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  • Writer's pictureClaire

24/01/24. North Croydon To Benalla

Si had to come and wake me, thats how well I slept last night in the comfy bed! It was something of a struggle dragging myself out of there and into wide awake mode, but had to be done. We discussed the best route to take before heading off, with me defacing the map to mark our route, I like nothing more than highligting where I need to go and where I've been! We had a choice of two routes, each taking us to our location of Benalla, but the one would have taken us through the Yarra Glen on the Melba Highway, the other on the Maroondah Highway. Distance wise there wasn't much in it, but we decided to go via Yarra Glen, because the river was pretty and for no other reason thant that really. BIdding our lovely hosts farewell, and telling them they, or the kids would always have a bed to sleep in when they come over we set off on the next leg of the adventure.


We'd already decided our direction of travel, and were once again caught out by the sign posts, and the fact that there are no advisory signs to let you know your turn off is approaching. The stupid signs are actually right on the junction. You need eyes like a shit house rat to be able to see them in time to indicate and turn. off. Eyes like a shit house rat are something I do not possess, I am specky six eyes. I have my own eyes, my distance glasses eyes and my close up glasses eyes, and , yes i wear two pairs of specs at a time. Three if I wear seperate sunnies which makes for yet another pair of eyes. Placing the blame for the missed turn off squarely on the road sign we carried on along the Maroondah highway into the Yarra Valley Wine region. The Yarra Creek we visited yesterday, starts up in the Yara Ranges National Park and winds its way down, through a place called Warburton and clos to Healsville before meandering on it's way to Greater Melbourne and empties into Port Phillip Bay, not far from Williamstown.


The Yarra Valley has over 300 Wineries and it is recognised as Victorias Oldest wine region. The first vines planted were at Yering Station in 1838, it is now reinvented itself as a wine and events estate with a gallery set up in the historic 1859 winery building. They also offer free tastings of up to five wines. Unfortunately the drink drive limit is 0.05 , so I suspect everyone would need a DES. (designated driver) Every where you look there are vines scattered over the rolling hills The region being a cool climate, produces chardonnay, pinot noir, pinot gris and full bodied reds. It's just gutting that Si is off the wine!!! Alongside the large scale producers there are family run wineries, whose products are equal to the bigger boys, but are way less pretentious over their goods. Although wine is the main thing that attracts people to the valley, there are also lots of micro breweries, brew pubs and cideries to visit if you wanted to take a tour. My favourite by far was the Many Hands winery. Just the coolest name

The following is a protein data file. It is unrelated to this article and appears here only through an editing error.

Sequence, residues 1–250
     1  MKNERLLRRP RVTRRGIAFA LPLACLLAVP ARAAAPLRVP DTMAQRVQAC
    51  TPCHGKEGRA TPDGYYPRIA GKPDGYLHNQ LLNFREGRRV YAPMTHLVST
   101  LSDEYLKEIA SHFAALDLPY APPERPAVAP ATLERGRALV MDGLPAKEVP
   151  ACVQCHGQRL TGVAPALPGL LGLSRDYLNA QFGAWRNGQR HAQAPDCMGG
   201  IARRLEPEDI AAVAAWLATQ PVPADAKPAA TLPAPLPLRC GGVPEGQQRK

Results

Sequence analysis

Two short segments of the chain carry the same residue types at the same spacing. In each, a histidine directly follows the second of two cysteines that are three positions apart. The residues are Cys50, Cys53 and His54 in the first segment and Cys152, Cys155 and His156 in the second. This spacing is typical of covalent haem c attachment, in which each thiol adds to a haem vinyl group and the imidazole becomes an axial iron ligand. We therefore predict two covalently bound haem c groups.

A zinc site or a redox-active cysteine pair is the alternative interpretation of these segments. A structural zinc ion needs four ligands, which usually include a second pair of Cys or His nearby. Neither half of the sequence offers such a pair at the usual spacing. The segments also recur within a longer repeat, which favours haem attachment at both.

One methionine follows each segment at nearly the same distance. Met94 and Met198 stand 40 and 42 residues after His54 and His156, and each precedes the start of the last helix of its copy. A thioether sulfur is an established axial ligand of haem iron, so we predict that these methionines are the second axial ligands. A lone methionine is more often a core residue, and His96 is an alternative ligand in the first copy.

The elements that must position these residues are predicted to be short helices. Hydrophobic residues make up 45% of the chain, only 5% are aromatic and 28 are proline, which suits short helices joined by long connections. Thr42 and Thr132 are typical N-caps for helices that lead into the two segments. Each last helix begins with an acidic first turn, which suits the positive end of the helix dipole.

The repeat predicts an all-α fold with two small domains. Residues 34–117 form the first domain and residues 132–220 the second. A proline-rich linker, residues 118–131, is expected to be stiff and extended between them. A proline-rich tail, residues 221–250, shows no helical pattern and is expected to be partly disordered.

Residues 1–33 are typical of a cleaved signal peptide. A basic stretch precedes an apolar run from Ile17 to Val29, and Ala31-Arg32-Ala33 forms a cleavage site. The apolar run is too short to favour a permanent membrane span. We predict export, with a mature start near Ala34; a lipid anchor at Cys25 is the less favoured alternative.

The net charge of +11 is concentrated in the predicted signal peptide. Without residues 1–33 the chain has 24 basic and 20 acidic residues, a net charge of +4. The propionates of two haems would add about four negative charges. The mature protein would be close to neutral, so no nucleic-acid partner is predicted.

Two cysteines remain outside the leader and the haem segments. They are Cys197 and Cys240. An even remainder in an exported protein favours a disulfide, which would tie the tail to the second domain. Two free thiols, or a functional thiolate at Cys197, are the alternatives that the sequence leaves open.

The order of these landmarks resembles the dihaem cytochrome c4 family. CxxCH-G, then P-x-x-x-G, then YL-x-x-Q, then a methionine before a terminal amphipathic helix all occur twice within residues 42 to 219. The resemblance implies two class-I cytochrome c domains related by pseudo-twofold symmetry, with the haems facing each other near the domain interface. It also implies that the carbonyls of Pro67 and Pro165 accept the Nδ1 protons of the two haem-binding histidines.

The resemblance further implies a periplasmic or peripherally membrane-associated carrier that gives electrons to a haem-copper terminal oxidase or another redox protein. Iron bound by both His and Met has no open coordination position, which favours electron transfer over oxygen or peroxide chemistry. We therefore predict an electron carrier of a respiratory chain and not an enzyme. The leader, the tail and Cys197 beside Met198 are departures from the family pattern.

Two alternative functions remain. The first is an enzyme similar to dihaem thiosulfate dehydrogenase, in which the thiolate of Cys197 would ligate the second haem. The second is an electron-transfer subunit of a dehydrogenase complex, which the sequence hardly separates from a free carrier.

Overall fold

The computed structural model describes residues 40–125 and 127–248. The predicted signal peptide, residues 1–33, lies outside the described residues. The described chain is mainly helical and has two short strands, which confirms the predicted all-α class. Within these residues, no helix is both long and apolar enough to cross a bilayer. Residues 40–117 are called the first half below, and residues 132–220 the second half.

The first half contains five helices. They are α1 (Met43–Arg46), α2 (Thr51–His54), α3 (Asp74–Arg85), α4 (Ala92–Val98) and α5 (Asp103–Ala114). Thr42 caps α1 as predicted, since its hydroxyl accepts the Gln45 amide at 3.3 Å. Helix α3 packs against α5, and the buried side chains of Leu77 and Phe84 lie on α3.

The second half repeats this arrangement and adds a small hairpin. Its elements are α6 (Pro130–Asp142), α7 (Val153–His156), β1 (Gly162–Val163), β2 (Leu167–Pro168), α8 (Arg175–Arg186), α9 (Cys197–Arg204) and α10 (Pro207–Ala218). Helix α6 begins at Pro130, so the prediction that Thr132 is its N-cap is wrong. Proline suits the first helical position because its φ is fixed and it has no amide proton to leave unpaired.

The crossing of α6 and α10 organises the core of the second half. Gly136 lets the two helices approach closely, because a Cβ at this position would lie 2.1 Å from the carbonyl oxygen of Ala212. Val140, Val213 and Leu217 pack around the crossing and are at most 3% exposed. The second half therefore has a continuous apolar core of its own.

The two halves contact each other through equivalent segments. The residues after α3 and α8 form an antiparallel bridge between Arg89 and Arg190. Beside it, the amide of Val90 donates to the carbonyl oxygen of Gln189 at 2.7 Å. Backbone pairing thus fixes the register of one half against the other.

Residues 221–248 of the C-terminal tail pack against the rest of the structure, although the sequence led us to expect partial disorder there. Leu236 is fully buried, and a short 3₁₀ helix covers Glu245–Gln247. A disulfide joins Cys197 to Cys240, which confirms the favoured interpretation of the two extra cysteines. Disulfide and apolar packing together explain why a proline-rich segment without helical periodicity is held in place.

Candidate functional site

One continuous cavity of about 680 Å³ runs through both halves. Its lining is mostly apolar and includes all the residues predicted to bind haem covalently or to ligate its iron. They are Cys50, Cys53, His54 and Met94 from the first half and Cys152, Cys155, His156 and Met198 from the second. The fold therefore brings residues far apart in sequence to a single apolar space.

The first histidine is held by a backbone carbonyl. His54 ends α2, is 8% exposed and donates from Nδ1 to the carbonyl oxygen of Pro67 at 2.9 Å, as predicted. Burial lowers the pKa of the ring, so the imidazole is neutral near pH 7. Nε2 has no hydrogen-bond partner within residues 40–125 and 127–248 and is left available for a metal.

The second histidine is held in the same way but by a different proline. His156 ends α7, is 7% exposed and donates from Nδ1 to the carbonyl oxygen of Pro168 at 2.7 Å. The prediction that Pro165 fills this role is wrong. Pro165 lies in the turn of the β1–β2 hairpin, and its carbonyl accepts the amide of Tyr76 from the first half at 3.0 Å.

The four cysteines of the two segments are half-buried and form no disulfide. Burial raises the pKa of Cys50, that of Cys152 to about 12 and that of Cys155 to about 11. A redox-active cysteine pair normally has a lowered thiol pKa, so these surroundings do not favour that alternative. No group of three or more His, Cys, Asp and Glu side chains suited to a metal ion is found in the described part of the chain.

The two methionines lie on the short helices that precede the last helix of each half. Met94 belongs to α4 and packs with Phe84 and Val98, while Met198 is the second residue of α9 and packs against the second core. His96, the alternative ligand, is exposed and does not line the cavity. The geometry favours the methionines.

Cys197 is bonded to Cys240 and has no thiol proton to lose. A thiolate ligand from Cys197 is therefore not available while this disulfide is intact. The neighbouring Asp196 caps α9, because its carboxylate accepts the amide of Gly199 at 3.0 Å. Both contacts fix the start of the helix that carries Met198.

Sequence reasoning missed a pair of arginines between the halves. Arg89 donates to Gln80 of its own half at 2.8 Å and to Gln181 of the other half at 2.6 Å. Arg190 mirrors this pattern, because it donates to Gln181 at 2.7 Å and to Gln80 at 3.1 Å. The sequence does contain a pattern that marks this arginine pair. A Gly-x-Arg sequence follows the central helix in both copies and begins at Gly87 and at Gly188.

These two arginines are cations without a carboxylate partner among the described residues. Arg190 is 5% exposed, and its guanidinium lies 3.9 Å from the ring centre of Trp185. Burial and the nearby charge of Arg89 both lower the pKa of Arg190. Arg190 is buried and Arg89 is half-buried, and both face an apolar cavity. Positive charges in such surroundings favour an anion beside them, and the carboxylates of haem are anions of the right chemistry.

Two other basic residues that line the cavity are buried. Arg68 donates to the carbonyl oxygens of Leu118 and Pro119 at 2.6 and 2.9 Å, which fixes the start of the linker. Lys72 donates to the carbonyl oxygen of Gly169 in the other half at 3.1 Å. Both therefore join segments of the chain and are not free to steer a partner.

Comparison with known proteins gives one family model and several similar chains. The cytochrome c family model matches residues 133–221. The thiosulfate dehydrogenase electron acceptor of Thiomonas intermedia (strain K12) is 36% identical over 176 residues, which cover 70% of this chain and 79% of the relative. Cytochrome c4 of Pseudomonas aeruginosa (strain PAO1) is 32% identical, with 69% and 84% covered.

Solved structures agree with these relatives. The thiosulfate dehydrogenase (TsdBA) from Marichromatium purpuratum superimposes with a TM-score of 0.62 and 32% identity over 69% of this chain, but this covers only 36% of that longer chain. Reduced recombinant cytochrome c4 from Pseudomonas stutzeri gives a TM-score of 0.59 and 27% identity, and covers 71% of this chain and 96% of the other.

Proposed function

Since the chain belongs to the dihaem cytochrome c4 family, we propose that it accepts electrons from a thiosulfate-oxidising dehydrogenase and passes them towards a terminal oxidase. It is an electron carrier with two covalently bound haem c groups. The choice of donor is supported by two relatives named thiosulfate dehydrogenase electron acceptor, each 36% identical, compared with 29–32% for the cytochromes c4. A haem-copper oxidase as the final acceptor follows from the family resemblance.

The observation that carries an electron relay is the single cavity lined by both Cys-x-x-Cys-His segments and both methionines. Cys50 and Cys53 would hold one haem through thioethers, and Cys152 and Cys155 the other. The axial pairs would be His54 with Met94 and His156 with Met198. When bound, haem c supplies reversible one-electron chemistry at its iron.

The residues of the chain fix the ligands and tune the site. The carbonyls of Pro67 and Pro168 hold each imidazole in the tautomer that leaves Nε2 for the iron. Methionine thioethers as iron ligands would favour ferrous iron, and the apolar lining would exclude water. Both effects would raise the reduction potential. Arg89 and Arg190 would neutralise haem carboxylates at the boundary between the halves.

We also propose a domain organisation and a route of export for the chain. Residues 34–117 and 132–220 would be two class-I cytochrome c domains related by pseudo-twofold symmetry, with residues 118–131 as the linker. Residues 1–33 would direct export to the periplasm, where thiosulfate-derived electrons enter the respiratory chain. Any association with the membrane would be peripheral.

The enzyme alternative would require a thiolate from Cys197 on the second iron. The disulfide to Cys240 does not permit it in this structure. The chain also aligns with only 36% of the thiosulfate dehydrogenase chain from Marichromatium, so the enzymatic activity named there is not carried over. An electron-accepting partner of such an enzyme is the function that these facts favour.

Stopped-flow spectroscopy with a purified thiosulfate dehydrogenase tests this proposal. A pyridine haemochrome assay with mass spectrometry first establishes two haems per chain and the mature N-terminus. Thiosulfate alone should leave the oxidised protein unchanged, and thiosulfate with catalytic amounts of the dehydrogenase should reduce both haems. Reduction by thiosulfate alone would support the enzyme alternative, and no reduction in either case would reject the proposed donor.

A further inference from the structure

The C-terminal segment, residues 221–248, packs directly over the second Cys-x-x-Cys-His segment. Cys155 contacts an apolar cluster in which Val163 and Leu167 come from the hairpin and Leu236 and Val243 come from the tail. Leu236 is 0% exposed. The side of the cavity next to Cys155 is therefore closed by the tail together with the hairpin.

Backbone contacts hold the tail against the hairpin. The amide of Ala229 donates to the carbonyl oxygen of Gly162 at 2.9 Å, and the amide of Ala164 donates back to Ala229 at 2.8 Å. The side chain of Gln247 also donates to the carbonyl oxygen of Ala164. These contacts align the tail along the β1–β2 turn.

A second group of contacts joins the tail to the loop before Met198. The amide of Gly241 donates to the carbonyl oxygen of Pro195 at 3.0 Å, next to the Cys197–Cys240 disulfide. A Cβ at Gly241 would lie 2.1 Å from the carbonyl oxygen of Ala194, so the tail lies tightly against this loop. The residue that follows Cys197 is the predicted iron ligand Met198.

Healsville, a town full of happening cafes, craft breweries wine bars and restaurants, is also home to a wildlife park that houses , kangaroos, wallabies,dingoes, Tasmainian Devils, echidnas wombats and Koalas. There is also a Platypus house where you can see the platypus, more or less in its natural enviroment, without scaring the poor things half to death. As per usual we passed the sign, and couldn't turn around because firstly there was nowhere to turn and secondly there was a pile of traffic behind us, so on we drove. The van ate up the miles, through the vineyards, old Gold towns and forests. The area is agricultural, with a lot of beef and some funny looking sheep. Very long legs!! The overnight thunder storm had cooled the dust a little, but it was still warm enough for teeshirt and shorts. Thank the lord! I did not come all this way for long trousers and wellies. The skies started off being what can only be described as moody, although by midday they had dispersed quite a lot and there were brilliant blue skies with fluffy white clouds. All of mother natures colours just popped when the sun showed its happy face, and when she showed her happy face I showed mine. Our drive today had an estimated drive time of bloody ages. Driving through towering ferns and sun dappled forest roads is almost hypnotic, my mind just drifted as we trundled along. Poor Si wasn't getting much relaxation, having to concentrate on the road. Thankfully the roads are pretty good, the majority of them in good condition, which makes for reasonably comfortable driving. As we drove through the forests that were getting denser and it was very Jurasic park like. Just without the dinosaurs chasing us wanting to eat us for lunch.